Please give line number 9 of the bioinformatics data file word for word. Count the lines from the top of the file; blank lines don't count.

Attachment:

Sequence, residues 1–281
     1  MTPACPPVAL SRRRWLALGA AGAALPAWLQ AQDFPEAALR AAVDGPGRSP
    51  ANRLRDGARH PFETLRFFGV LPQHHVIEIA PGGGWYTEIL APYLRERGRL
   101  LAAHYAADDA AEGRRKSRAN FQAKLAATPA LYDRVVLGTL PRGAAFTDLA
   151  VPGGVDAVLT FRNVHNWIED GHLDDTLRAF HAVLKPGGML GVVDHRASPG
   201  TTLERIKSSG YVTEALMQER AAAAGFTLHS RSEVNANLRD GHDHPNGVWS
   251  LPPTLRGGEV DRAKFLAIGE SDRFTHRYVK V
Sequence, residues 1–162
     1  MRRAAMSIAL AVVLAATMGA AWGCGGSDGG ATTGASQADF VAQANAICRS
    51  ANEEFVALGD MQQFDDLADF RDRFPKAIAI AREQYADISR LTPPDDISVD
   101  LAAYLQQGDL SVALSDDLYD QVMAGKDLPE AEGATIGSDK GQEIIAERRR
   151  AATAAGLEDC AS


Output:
     1  MRRAAMSIAL AVVLAATMGA AWGCGGSDGG ATTGASQADF VAQANAICRS